Unusual Chinese duanjian with fine gilt mounts and a blade of non-Chinese origin.
Sheathed 57.5 cm
Left 56.3 cm
Right 56.3 cm
Left 44.6 cm
Right 44.5 cm
Left 12.5, 8.5, 5.5 mm
Right 13, 9, 5.5 mm
(Base, middle, 5cm from tip)
Left 48, 32.5, 19 mm
Right 49, 33, 19.5 mm
(Base, middle, 5cm from tip)
Sheathed 2032 grams
Left 912 grams
Right 941 grams
Left 9.2 cm from guard
Right 8 cm from guard
Iron, steel, brass, hardwood, leather, textile
From a French collector
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Húdiédāo (蝴蝶刀), are a type of double swords that originated in or around the port cities of southern China. They are known in the local Cantonese dialect as bat jam do or "eight cutting knives". (八斬刀, pronounced bāzhǎndāo in Mandarin) The type seems to have emerged in the mid 19th century, as a merging of typical Chinese fighting knife blades with handles inspired by western naval sabers and entering knives. They typically have half-hilts that fit in a single scabbard side-by-side and can be drawn as if they were one weapon.
For more information, see my glossary article: Húdiédāo (蝴蝶刀).
Classic pair of Southern Chinese butterfly swords. The substantial blades start off wide and taper to a fairly sharp point. I would consider them the narrow, more lethal variety, but within that range, they are on the wider side. The blades have a strong triangular cross-section, considerably taper in both width and thickness, and the typical back bevel usually present on these. The tips are oblique. Blades are in decent condition. Some patches of now stabilized corrosion and scratches.
The hilts feature the characteristic D-shaped guards, this time executed in the stronger iron rather than the usual brass. The ferrules are brass, and with the tang peened over brass washers.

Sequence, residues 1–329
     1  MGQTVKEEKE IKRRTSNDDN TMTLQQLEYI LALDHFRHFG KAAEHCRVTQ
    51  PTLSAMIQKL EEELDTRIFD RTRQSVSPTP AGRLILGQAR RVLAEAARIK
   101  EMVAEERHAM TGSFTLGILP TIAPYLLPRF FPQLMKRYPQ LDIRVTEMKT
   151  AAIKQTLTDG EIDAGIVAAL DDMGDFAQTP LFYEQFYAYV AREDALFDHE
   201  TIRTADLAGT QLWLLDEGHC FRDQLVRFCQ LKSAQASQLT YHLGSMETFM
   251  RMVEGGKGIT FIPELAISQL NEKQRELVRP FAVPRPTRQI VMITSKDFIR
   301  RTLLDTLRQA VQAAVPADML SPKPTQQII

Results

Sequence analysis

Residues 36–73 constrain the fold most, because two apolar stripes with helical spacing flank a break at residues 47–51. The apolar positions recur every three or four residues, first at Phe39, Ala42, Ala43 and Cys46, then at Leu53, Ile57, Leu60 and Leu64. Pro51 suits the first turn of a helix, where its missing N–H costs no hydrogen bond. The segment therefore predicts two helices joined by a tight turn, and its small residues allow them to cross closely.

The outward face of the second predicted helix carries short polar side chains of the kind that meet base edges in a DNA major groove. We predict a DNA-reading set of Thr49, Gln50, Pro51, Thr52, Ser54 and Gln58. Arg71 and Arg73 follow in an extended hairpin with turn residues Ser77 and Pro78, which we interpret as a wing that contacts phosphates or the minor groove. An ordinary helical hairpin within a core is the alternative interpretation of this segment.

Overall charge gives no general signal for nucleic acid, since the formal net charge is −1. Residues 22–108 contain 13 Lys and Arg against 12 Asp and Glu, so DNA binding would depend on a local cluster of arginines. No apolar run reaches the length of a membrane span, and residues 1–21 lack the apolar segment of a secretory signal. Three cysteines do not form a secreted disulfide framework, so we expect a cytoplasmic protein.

The handles are carved of precious hardwood, with a design of a dragon carved on the right grip, and a phoenix on the left grip, alluding to the forces of Yin and Yang applied in practice. This is rather unusual, normally baskets of flowers of simple geometric patterns are seen.
The designs are bordered with a geometric pattern known as "rolling thunder" that resembles the Greek key of Hellenistic art.
The pigskin scabbard is made out of two pieces, a front that folds around the blades and a separate back. It is reinforced with an extra piece as the scabbard mouth. About two-thirds of the scabbard is wrapped with cord.
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A robust and heavy example, crafted with care.
A standard pattern Qing military saber, but with the rare addition of a label in Manchu.
Of classic shape, with a leaf-shaped blade on a socket, connected by a cast bronze base.
A very rare Chinese saber guard dating from the height of the Qing dynasty.
Built around an imported blade, with a human head shaped pommel.